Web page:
It might have also helped the common currency that the euro zone’s PMI data had mixed results. While Italy and the euro zone’s manufacturing numbers were a bit weaker than their previous readings, Spain’s data surprised to the upside with a reading of 44.0 after showing a 42.3 reading in July.

Spain’s employment numbers are due at 7:00 am GMT today, followed by the euro zone’s PPI report at 9:00 am GMT. If you’re not planning to trade these reports, then you better keep an eye out for any other comments or statements that might give clues on the ECB’s plans for Thursday!

It seems few traders were willing to hold on to euros with the big ECB rate decision now just a day away. As a result, EUR/USD erased its gains from Monday, ending the day 29 pips lower at 1.2564.

It didn’t help that yesterday’s Spanish unemployment report came in much worse than expected. Spain, which suffers from a painfully high unemployment rate of 24.6%, saw the number of unemployed people seeking work rise by 38,200 in August, instead of falling by 27,800. Now, unemployment is at a 5-month high!

Today, we’ll take a good look at how the services sector is doing in the euro zone. At 7:15 am GMT, Spain is due to roll out its services PMI, which last printed a reading of 43.7. Then at 7:45 am GMT, Italy will follow up with its own version of the index, which is expected to rise from 43.0 to 43.3. To round up the PMIs, the euro zone-wide edition will be released at 8:00 am GMT. Expect it to print a reading of 47.5 once again, homies!

However, if you’re looking for numbers with more oomph, the retail sales report (due 9:00 am GMT) might do the trick. It’s slated to show a 0.2% decline in sales after revealing a 0.2% uptick in June. Should this report print worse-than-expected results, the euro could come under more selling pressure.

The euro does it again! Thanks to speculation of ECB bond purchases and risk appetite in the markets, the euro ended the day higher against its counterparts. EUR/USD closed at 1.2594 after testing the 1.2500 handle, while EUR/JPY registered a 19-pip gain. What’s in store for the euro today?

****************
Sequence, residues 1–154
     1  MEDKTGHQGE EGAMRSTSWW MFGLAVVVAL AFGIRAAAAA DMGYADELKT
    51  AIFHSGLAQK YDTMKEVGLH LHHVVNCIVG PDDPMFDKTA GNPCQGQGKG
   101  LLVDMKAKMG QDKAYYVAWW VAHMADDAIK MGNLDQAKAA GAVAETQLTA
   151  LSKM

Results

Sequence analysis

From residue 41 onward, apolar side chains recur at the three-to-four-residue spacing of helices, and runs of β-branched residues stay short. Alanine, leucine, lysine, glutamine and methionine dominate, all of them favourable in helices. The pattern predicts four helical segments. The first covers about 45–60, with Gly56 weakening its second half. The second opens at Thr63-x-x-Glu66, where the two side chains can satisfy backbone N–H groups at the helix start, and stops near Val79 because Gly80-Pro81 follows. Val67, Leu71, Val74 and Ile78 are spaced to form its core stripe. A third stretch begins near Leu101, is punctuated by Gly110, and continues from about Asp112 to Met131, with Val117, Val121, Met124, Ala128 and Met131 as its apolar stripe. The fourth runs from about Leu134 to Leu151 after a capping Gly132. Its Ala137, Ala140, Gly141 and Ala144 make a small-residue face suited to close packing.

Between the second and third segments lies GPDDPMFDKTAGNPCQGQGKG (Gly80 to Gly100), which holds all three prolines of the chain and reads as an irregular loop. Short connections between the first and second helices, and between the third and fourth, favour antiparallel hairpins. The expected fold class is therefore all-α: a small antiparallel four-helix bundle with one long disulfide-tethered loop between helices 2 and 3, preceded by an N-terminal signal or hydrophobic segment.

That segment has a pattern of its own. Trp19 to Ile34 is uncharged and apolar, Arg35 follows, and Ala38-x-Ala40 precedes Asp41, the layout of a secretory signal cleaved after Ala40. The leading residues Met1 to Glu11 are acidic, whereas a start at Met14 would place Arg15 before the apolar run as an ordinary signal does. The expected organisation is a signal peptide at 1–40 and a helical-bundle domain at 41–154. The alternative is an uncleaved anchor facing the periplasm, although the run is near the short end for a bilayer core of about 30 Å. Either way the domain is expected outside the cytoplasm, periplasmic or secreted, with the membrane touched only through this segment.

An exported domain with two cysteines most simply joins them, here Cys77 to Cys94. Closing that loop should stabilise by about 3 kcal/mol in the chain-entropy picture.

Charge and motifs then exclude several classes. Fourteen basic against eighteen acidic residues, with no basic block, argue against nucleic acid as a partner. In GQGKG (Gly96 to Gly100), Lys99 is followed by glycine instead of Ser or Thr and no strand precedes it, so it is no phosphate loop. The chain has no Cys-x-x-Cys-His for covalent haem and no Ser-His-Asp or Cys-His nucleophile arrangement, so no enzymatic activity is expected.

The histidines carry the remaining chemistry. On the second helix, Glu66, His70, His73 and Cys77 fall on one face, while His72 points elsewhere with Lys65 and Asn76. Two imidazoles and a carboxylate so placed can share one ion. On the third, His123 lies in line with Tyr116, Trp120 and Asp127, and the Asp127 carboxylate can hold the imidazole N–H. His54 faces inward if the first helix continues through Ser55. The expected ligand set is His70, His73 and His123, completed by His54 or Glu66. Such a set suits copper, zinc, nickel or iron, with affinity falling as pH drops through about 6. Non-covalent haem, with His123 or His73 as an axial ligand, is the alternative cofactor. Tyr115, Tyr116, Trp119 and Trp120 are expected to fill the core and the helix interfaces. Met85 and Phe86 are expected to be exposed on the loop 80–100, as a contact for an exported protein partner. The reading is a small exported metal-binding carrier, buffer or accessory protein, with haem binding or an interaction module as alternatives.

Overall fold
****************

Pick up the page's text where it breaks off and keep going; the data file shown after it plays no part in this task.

Judging by the dots on our forex calendar, the euro is in for a big day! Not only will France conduct its 10-year bond auctions, but Germany will also publish its factory orders report at 10:00 am GMT!

Of course, all other economic reports have nothing on the big boss of economic reports scheduled today. I’m talking about the ECB’s interest rate decision, folks! At 11:45 pm GMT we’ll know if the central bank has decided to cut its rates like many market players are predicting.

At around 12:30 pm GMT Super Mario will take center stage, where he is expected to announce some form of bond-buying program that would help ease the sky high peripheral bond yields. Will the ECB present a clear program and inspire risk appetite, or will it disappoint expectations by leaving a lot to interpretation? This is one market event that you shouldn’t miss, forex warriors!

So that’s what Draghi and his men had been working on! The ECB decided to keep rates unchanged at 0.75% but introduced a new program called the OMT. What the heck does this and how did the euro take the news?

OMT, which stands for Outright Money Transactions, is the ECB’s plan to help lower borrowing costs by buying government bonds from weaker euro zone nations. What’s particularly impressive and at the same time questionable about this program is that it is unlimited in size and has no minimum credit requirement. This program is intended to replace the SMP or Securities Market Program, which was introduced back in March 2010.